5. Take immediate steps to ensure the judiciary operates independently from the executive branch and is free from political interference.
  6. Enact comprehensive legislation to protect women’s rights, ensure equal access to education and employment opportunities, and address gender-based violence and harmful practices.
  7. Revise existing legislation to align with international human rights standards and guarantee the right to freedom of expression for all individuals.
  8. Place an immediate moratorium on executions and work towards the complete abolition of the death penalty.


Amnesty International, Human rights in United Arab Emirates, 2024.

Expatica United Arab Emirates, Women’s rights in the United Arab Emirates, April 2024.

Human Rights Watch, World Report 2024: Rights trends in United Arab Emirates, January 2024.

International Service for Human Rights, Joint NGO Submission to the Committee against Torture on the United Arab Emirates, June 2020.

MENA Rights Group, Human Rights NGOs call on UAE to immediately repeal or amend its new law combatting rumours and cybercrimes, 2022.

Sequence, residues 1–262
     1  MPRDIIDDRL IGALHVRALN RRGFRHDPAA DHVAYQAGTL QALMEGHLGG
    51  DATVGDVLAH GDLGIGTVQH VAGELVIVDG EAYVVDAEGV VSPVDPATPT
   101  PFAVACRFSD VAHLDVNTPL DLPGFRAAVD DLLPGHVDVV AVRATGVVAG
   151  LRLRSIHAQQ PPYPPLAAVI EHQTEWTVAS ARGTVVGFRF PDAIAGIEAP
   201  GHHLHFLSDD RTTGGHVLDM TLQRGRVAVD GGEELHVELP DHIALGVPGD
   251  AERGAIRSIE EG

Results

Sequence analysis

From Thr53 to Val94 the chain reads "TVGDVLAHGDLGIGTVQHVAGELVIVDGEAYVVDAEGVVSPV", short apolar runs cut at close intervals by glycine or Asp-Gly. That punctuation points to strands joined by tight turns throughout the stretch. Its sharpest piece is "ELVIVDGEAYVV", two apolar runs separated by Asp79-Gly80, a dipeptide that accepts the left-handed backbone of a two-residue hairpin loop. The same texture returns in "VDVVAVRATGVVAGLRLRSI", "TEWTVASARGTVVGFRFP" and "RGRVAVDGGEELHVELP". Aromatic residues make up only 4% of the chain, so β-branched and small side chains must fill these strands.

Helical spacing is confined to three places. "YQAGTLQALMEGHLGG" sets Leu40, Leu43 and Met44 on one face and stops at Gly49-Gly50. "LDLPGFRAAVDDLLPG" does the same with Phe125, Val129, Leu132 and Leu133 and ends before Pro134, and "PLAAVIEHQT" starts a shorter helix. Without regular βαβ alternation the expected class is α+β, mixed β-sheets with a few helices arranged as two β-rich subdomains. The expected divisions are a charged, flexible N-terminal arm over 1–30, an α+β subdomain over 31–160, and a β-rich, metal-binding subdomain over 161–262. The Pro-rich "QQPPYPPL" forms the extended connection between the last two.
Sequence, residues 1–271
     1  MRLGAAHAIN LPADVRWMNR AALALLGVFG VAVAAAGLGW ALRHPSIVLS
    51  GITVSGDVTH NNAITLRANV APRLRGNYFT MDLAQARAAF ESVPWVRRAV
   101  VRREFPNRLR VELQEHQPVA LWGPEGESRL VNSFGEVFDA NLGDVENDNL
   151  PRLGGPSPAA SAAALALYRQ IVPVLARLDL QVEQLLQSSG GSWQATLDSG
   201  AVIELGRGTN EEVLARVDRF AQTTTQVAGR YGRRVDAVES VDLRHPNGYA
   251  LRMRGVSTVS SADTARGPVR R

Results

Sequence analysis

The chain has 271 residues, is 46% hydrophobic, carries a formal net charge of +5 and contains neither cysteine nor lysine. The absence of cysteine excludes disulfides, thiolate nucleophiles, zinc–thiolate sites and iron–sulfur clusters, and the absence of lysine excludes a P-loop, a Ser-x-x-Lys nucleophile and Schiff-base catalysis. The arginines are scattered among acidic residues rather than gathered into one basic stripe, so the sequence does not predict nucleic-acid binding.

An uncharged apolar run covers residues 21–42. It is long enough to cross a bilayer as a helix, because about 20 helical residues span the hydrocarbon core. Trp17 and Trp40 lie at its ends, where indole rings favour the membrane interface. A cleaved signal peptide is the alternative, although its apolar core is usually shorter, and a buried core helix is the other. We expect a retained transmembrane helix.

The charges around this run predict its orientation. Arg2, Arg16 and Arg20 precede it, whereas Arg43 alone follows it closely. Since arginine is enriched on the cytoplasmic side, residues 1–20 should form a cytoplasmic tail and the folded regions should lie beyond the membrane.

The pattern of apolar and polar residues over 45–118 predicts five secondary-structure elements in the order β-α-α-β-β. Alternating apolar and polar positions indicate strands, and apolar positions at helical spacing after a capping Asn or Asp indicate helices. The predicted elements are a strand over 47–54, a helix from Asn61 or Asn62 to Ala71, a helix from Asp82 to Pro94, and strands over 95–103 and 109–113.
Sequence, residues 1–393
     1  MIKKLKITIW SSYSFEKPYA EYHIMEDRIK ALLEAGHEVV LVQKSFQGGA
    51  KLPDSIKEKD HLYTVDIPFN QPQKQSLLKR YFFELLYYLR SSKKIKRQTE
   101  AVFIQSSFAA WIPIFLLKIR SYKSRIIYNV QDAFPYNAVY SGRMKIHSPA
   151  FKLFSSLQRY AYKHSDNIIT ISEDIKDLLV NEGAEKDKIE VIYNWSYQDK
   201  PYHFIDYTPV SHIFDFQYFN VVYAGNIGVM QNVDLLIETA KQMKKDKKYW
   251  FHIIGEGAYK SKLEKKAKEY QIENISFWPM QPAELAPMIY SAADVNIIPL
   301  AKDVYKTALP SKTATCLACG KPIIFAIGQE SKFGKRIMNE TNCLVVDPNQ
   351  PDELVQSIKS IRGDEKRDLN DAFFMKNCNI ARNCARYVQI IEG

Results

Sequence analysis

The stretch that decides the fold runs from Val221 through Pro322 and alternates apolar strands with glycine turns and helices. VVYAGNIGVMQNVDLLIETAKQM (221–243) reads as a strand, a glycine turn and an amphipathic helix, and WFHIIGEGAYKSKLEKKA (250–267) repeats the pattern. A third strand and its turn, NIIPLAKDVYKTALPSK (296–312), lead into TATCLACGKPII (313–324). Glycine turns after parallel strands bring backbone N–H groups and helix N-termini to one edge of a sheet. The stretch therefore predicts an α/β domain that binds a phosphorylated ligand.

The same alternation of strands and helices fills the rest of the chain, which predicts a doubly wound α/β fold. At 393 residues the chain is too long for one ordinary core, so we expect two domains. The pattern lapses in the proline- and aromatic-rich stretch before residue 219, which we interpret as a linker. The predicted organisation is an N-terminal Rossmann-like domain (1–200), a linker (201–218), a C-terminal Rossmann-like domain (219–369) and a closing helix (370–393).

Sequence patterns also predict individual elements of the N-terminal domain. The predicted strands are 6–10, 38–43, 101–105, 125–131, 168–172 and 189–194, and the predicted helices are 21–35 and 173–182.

MENA Rights Group, New UAE Penal Code: Increased restrictions on fundamental freedoms, 2022.

MENA Rights Group, UAE Reject 40 Recommendations Made During its Universal Periodic Review, 2022.

United Nations Human Rights Council, Report of the Special Rapporteur on the independence of judges and lawyers, 2015.

United Nations Human Rights Council, United Arab Emirates and the UPR, 2024.

United Nations Human Rights Council, Universal Periodic Review: United Arab Emirates, April 2023.

United Nations Office of the High Commissioner for Human Rights, UAE: UN experts condemn trial of foreign nationals based on forced confessions and allegations of torture, February 2016.

UPR Info, 43rd UPR Working Group: Key Highlights, May 2023.

World Coalition against the Death Penalty, United Arab Emirates, August 2021.